Peter Townsend CNZM discusses the importance of innovation in health and the role played by Te Papa Hauora, Christchurch Health Precinct in Canterbury.
We are currently facing some extraordinary and unique challenges as a country and a world. I cannot recall a period in my past working life when there has been such a myriad of very serious and major challenges, that on one hand threaten us and how we live, and on the other hand have the potential to provide us with enormous opportunities.
In the context of a busy continuing career, I have recently surprised myself with the revelation that I have spent 50 years actively involved in various employment and governance roles. That is very scary! However, it is clear to me that so far I have just skimmed the surface and there is a lot more to do yet.
Some time ago I decided that I could sum up the future of our country (and beyond) in one sentence.
“Our future will be determined by how we apply technology, to leverage our natural capital, on a platform of product and service integrity”
I am sure we all understand the meaning of natural capital; our resources.
In this context “integrity” means having to justify our environmental impact, and the proper use of human resources. It also means operating ethically and being fundamentally honest.
That edict has served me well over the years, as a guiding light, and is very relevant to me in my role as Independent Chair of Te Papa Hauora, the Health Precinct.
Te Papa Hauora was born out of post-earthquake Christchurch, identified as one of the city’s 18 new “Anchor Projects” and was one of the first out of the blocks. The Precinct incorporates the main hospital and other health-related buildings, sits between Hagley Park and the central city, and adjacent to the Parakiore Recreation and Sports Centre, the under construction, enormous facility which will be concentrating on community wellness. A worthy, nice, and not coincidental, juxtaposition.
Te Papa Hauora is a collaboration between Te Pūkenga Ara, Te Whatu Ora Waitaha, and the University of Canterbury and Otago University. It is strongly supported by Ngai Tūāhuriri, our Mana Whenua. Its purpose is to improve health outcomes in Canterbury through the collaboration of its stakeholders and the wider health sector. It facilitates and coordinates collaborations in health research, health education, innovation in health, and the interface with health-related business. It is fundamentally driven by the pursuit of equitable outcomes. While still at the start of its exciting journey, it is having an impact and making good progress.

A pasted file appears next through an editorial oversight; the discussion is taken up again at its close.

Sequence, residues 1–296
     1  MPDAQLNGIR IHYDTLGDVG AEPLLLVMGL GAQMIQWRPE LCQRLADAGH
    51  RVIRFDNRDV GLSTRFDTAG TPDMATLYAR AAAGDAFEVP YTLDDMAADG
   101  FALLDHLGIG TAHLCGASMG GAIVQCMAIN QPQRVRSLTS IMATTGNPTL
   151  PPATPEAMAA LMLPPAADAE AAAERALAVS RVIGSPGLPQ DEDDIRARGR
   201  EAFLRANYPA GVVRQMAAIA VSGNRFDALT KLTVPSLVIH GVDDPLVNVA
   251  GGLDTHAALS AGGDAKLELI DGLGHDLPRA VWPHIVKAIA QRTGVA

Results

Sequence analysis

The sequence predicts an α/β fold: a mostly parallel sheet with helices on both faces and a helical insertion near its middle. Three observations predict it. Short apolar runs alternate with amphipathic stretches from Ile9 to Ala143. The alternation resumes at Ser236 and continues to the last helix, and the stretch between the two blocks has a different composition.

In the context of upheaval and volatility, as we work to realise the opportunities in current health and education reforms, Te Papa Hauora provides a skilled, stable and neutral platform to pursue agreed initiatives that benefit all of its stakeholders. The small team is very active locally and beginning to explore how it can collaborate nationally with entities with complimentary objectives.
One of the areas Te Papa Hauora is keeping a watching brief on is how we can project and enhance some of the great innovations that have developed locally to improve health outcomes. Canterbury is recognised for many novel health interventions. These include; effective use of patient data across the system, using novel simulation capability to support medical training, having a unique after hours primary care offering, collaborating across the sector in different ways to improve research outcomes, improving recycling of disposable health products, conducting world leading clinical trials, developing new prosthetics, and leading edge scanning capabilities amongst a very long list of clever and valued initiatives.
Participants in the wider Canterbury health system have been very good at innovating through the application of technology.
We in Canterbury know we are not alone in these activities, but we do believe it is vital that as we go through change, we hold on to “the good stuff”, and ensure that it is applied across the health system to the benefit of all as we go forward.
There is a risk that as we go through change and move towards adopting national processes, in the worthy quest of achieving more equitable outcomes, operating methods and systems could be reduced to the lowest common denominator. That cannot and must not happen in health.
There is also a risk as changes are implemented, and in particular budgets are inevitably constrained, that pioneering initiatives and innovation are the first victims to fall to the cost cutting sword. Too often innovation is seen as a discretionary activity, which is secondary to and a lower priority than delivering the basics. The reality is that in any operating system and any reform process, innovation is, and will continue to be, the key to continuing equity, success and improvement, and it must underpin what reform is all about.
Those who operate in the innovation space will need to continue to reinforce the fundamental importance of what we do, and to fight for it, sometimes against significant odds.
As we continue to work towards improving outcomes through change, let us not forget that how successful we are will be determined by how we continue to apply technology to leverage our natural capital, through smart and innovative practices, and also that the “integrity” word, and what it stands for will continue to be of paramount importance.
Whiria te tangata
Weaving the people together